These are the things that she is bottling up inside. These are the things that are growing and growing and growing inside of her.
These are the things that have you tiptoeing a high wire, waiting for the explosion.
Because it will come. You know it will come. A person can only hold so much inside before it all comes bursting out the seams.
You, you want nothing more than to take it all away, to take her anger and her pain unto yourself, make them your burden only to take away hers, because she doesn't… shouldn't have to bear it. And you don't think she understands that you would do anything for her, be anything she needs you to be. You tell her that she is your world, tell her you would bear it if you could, tell her… tell her over and over and over again that she is so beautiful, so perfect, so everything.
It doesn't help. Not they way it should.
You hold her tightly on nights she can't sleep. Her head rests on your chest and your breath creates ripples in her hair, the strands swirling in the eddies of your breath. You don't speak in the middle of the night; you merely… coexist. You try to silently speak of your constant presence, tell here you are there if ever she needs you.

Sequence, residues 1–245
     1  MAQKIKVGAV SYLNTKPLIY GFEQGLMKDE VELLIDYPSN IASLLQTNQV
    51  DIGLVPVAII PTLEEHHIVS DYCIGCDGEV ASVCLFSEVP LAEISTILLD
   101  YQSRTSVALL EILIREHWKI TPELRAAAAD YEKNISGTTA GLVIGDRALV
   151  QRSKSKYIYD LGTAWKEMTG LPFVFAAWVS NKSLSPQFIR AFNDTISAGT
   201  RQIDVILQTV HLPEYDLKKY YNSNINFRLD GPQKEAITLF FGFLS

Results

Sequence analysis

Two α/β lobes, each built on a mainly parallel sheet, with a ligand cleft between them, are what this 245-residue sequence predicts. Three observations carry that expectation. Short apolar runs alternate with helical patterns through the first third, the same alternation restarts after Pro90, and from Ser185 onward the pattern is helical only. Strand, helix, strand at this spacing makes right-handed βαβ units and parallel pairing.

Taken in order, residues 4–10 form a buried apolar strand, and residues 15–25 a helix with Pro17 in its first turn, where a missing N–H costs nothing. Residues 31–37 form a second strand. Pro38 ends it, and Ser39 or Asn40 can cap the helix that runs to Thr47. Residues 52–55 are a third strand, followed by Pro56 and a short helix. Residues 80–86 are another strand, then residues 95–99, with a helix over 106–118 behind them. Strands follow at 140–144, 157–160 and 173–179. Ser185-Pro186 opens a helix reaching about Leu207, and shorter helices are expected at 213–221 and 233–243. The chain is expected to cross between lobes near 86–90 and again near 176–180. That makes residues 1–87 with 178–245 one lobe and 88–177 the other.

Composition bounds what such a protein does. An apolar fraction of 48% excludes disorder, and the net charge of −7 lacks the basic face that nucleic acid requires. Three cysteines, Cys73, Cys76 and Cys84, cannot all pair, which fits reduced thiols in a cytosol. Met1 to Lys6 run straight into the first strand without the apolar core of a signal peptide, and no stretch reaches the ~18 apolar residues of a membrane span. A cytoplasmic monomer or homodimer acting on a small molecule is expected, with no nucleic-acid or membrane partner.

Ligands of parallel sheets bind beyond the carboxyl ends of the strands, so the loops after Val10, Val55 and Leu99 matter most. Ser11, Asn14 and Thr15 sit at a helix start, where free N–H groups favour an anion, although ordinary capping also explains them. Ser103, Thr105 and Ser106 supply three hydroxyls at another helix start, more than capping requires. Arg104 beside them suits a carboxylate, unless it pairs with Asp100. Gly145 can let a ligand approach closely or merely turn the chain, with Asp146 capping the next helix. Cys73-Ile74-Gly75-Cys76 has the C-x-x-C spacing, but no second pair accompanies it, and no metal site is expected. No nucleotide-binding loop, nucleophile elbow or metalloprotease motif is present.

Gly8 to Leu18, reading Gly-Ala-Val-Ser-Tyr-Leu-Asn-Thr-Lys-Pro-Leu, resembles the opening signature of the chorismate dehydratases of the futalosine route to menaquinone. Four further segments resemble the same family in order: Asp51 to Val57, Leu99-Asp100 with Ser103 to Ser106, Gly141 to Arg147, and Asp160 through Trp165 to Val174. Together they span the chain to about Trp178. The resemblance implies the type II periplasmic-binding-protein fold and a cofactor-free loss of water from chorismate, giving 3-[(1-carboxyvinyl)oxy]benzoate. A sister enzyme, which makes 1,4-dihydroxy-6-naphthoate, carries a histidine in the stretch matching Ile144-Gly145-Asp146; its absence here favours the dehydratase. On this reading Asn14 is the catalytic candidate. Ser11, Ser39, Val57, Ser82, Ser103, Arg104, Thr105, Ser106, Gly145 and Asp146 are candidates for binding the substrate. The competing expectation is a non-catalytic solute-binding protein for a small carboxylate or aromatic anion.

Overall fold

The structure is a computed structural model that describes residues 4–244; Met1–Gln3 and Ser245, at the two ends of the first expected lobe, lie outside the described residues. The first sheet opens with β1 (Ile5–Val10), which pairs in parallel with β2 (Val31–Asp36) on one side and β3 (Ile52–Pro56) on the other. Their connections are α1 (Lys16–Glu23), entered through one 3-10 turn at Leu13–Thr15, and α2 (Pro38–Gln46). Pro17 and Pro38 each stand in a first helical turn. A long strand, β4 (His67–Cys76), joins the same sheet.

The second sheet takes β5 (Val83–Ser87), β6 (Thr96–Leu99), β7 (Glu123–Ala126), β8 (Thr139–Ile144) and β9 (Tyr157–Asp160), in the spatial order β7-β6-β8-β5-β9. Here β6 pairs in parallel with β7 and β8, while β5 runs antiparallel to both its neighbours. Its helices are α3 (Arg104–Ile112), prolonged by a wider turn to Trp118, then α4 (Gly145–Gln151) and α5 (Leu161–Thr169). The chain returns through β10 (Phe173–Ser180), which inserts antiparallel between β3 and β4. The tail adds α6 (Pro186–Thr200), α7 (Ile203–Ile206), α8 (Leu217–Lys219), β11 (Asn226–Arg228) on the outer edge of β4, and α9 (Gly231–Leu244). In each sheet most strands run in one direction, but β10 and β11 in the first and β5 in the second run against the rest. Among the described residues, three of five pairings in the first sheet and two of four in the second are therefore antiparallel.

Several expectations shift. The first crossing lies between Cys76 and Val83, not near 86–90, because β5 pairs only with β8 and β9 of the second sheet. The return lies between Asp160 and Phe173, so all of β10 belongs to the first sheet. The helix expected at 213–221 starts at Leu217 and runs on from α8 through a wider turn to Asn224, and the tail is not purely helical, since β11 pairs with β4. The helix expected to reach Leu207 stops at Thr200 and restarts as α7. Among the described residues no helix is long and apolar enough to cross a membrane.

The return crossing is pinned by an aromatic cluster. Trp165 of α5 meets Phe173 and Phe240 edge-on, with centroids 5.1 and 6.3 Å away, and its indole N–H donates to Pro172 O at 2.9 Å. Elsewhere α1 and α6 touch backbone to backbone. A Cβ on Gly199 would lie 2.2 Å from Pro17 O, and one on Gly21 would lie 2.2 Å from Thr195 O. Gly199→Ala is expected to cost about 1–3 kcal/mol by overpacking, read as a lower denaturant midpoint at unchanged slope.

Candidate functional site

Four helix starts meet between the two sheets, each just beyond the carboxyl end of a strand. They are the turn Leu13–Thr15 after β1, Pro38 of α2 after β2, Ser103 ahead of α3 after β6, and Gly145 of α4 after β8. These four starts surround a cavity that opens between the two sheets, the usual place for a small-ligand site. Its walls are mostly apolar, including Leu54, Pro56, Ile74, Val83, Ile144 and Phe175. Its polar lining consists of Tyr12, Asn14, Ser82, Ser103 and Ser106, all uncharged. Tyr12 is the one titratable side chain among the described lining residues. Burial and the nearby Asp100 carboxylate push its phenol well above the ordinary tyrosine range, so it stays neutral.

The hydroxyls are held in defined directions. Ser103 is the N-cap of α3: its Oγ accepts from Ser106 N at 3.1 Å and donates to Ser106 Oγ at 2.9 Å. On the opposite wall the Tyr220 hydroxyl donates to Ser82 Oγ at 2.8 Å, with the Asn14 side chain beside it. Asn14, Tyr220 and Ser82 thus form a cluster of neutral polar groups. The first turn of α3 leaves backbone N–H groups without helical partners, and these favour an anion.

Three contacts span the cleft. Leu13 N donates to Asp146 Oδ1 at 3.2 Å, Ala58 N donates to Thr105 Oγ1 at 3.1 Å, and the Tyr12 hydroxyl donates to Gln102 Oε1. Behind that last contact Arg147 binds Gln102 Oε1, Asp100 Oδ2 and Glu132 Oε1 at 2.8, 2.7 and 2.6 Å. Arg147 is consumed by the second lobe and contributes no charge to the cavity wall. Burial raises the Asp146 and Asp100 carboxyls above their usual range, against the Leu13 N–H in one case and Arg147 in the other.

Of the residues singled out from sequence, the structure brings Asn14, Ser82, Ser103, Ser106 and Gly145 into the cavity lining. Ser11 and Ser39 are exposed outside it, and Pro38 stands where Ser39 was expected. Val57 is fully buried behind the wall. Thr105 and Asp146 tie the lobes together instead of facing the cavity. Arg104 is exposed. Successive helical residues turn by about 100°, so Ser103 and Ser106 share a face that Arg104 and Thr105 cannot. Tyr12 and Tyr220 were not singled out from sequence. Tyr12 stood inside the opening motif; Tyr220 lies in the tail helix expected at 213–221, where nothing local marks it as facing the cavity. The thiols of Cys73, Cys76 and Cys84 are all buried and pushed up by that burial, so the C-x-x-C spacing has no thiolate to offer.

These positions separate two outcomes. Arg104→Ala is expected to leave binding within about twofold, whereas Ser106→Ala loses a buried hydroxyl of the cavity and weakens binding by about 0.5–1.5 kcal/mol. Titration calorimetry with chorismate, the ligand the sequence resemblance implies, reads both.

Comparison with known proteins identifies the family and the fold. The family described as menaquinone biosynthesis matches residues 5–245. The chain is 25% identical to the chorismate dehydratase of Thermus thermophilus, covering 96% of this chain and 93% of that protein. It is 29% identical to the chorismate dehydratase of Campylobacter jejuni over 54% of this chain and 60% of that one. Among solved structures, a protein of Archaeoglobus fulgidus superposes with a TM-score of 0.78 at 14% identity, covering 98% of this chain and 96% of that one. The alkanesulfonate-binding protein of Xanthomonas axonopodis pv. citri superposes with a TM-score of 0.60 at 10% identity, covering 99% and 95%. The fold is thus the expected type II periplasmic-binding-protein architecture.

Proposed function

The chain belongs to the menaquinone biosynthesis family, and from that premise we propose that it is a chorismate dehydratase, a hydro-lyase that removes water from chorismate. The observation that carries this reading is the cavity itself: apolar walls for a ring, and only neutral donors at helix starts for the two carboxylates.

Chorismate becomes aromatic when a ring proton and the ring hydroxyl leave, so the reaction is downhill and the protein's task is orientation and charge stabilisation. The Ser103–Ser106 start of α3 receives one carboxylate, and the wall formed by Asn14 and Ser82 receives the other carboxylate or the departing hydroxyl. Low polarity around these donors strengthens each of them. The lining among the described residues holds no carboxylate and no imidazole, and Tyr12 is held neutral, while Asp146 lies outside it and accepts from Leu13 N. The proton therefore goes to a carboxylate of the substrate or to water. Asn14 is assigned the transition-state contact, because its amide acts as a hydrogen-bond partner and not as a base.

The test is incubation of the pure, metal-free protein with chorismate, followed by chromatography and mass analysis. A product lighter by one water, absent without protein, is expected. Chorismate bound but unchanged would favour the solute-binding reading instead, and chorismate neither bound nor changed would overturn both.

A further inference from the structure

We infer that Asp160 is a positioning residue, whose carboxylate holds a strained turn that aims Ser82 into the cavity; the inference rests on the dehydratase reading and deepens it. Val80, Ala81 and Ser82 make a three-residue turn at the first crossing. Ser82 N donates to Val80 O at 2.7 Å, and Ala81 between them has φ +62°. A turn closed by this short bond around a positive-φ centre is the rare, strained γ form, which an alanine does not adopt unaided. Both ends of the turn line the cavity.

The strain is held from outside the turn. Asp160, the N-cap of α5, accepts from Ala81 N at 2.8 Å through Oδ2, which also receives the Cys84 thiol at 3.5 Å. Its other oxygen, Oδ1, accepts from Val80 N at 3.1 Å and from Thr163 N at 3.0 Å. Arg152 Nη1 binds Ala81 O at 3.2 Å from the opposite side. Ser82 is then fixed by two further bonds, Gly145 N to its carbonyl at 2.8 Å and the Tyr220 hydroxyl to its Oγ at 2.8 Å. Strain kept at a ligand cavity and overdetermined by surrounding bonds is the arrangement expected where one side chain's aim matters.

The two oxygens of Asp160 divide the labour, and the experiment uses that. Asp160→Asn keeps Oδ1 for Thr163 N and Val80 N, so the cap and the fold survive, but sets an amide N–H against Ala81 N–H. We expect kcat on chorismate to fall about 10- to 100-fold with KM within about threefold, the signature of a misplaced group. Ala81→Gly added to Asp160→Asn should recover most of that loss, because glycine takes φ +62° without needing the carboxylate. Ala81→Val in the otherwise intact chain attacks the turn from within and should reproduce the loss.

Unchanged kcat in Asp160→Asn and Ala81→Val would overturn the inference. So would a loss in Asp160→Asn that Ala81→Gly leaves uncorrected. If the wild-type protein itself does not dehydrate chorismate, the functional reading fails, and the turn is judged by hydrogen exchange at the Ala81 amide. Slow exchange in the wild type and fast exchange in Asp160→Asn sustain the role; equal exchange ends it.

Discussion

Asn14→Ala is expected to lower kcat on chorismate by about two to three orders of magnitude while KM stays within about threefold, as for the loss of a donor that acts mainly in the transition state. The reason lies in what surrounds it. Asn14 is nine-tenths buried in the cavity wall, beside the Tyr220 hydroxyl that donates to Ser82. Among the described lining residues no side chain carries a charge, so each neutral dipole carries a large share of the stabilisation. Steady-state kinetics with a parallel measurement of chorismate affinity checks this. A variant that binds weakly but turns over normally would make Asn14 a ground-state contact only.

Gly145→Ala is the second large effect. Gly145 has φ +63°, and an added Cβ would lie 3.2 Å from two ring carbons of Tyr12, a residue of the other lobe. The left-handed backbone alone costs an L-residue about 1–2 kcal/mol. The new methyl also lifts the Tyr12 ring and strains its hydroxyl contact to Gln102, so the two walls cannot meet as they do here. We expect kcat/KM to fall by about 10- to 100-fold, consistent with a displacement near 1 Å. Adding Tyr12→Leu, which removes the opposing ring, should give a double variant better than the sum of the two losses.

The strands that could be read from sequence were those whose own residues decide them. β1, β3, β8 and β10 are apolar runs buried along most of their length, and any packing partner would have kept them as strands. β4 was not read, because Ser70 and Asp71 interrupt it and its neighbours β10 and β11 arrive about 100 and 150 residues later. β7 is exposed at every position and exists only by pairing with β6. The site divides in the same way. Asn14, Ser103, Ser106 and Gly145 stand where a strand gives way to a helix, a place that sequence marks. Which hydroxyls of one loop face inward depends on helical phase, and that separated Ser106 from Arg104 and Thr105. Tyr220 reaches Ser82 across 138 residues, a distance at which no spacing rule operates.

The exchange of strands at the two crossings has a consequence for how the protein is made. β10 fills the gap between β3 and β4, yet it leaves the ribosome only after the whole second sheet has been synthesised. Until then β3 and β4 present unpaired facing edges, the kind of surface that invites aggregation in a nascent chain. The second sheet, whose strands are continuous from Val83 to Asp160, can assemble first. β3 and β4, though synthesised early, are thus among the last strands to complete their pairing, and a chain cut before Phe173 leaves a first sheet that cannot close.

The shiver starts at your scalp and shudders all the way through to your toes, instantly turning you to ice.
You jolt yourself out of the frozen state, take a lurching step forward, your fingers at her wrist, your other hand on her cheek.
"No, no, no. Baby, no. No. Wake up, wake up, Lav, talk to me baby, please. Please."
And there it is, the slow — too slow, too slow, oh God, is it supposed to be that slow? — sluggish flow of blood pumped by a heart in the middle of her chest, and you start breathing again because she is alive. For now.
You scoop her up and cradle her in your arms and when the hell did she get so light? You carry her through the Floo to Saint Mungo's and hand her off to someone who knows how to purge from her body whatever stupid, asinine thing she's decided to put in it.
Your fingertips beat out a relentless rhythm on your leg as you wait for her, your impatience bleeding through to ever movement even as your mind loops on a vicious cycle of the worst. The not knowing is torture.